It’s not always easy to figure out who should be in jail before a trial. Public safety officials in Deschutes County are making a change that should lead to better decisions.
Deschutes County Sheriff Larry Blanton has offered to fund a release assistance officer for the Deschutes County Circuit Court. It’s not exactly clear how much the position will cost. The sheriff authorized $100,000 a year, although it likely won’t cost that much, he said.
Deschutes County’s courts had a release officer until the position was eliminated by budget cuts in 2011.
A release officer does interviews and investigations about alleged crimes and a defendant’s background and history. Does the defendant have a job? Is this a first offense or a 15th? Has a defendant failed to appear in court before?
The officer shares the information with the judge, the defendant’s attorney and the deputy district attorney assigned to the case. The officer can make a recommendation whether a defendant should be held in jail before trial or released.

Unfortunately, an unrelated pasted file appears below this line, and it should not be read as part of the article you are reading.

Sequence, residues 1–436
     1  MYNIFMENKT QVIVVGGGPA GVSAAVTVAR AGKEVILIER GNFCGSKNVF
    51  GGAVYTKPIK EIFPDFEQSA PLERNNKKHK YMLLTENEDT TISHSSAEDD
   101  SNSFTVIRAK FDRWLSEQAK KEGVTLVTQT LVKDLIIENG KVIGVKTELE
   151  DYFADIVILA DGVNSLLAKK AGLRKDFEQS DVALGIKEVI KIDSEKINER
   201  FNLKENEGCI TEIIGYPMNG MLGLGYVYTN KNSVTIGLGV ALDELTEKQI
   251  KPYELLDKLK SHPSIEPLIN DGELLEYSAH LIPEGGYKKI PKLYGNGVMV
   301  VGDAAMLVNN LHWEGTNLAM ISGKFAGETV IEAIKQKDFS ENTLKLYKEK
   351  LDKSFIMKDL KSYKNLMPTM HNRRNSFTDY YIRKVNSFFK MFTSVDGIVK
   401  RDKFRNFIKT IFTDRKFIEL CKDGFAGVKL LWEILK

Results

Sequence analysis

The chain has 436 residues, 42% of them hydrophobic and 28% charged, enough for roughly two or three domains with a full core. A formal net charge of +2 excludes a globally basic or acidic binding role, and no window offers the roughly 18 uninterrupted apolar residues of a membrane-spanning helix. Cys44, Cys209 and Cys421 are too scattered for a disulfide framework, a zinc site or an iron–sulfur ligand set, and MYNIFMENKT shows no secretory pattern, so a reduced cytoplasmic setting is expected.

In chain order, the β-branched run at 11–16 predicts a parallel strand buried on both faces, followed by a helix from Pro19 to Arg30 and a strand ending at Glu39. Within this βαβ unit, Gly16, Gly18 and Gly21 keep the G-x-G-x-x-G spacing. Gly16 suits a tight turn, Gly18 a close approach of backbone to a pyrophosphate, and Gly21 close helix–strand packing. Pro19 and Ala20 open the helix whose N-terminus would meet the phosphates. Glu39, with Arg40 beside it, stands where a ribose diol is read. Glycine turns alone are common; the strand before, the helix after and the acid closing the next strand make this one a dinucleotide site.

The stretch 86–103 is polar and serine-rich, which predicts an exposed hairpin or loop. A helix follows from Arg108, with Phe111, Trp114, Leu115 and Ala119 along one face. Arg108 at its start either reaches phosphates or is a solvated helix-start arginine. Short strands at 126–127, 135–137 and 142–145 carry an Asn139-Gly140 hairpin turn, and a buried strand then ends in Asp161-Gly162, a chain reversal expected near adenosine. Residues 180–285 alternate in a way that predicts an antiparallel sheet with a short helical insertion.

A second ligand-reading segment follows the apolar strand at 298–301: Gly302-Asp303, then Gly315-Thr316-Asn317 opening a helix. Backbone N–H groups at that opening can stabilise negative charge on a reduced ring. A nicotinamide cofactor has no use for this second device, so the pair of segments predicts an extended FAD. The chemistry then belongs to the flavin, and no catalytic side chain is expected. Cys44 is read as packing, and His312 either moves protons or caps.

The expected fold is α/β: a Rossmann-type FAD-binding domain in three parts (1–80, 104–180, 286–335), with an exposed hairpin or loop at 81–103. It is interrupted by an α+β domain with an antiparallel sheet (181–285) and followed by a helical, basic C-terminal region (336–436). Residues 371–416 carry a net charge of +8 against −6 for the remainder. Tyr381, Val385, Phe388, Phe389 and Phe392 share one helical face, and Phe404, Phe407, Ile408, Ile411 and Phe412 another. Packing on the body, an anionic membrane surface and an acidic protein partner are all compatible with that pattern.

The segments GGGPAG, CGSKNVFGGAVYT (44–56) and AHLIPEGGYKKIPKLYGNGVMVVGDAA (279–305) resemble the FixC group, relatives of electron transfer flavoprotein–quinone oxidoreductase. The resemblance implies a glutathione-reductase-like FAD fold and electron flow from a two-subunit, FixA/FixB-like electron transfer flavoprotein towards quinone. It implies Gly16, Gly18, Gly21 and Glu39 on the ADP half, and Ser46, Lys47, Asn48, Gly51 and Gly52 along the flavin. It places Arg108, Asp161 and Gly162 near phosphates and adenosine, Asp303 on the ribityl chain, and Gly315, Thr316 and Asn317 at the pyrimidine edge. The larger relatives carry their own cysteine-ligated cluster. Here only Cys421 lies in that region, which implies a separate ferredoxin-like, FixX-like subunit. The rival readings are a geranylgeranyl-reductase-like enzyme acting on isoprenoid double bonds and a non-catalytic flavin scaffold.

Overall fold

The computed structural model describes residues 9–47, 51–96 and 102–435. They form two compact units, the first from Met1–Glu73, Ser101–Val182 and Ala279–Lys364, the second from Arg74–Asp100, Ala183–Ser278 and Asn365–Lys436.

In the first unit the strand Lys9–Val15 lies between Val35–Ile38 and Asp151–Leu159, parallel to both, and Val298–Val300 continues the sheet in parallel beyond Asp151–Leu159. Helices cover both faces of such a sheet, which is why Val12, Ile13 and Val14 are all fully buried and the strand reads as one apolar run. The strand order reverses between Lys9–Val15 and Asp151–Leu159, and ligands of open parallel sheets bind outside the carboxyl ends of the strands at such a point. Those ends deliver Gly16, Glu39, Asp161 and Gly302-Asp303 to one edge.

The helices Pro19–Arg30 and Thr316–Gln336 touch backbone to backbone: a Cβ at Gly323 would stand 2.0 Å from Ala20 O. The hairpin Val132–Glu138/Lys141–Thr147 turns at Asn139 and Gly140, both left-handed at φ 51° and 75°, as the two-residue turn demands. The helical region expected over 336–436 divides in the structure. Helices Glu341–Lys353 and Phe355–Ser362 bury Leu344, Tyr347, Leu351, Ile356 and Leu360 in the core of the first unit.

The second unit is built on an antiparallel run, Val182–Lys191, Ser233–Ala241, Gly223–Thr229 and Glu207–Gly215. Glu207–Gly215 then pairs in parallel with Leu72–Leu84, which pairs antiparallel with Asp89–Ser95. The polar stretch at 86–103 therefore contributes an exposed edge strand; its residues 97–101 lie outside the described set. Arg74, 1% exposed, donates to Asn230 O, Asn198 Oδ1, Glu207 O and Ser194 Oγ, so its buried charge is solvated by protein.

Because the position was eliminated, officials working in the courts can have to make those decisions with less information.
Of course, dangerous people need to be locked up before trial. But if someone can be released before trial, not cause harm and be counted on to make required appearances, there can be a number of positives. It leaves more room in the jail for people who should be in jail.
There can be benefits for the defendants, too. If they don’t have to be in jail before their cases are resolved, they have a better chance of being able to keep a job. That has all sorts of benefits.
Jeff Hall, the trial court administrator for Deschutes County Circuit Court, said it was easy to say yes to the idea when Blanton made the offer. An intergovernmental agreement was worked out. Hall is advertising for the position.
It’s of course odd that the Sheriff’s Office is effectively paying the state to re-create a position. It would be better for the state to fund it. But having the position makes for a better-functioning legal system. It’s a testament to the ability of local public safety officials to work together and not get trapped by bureaucratic boundaries.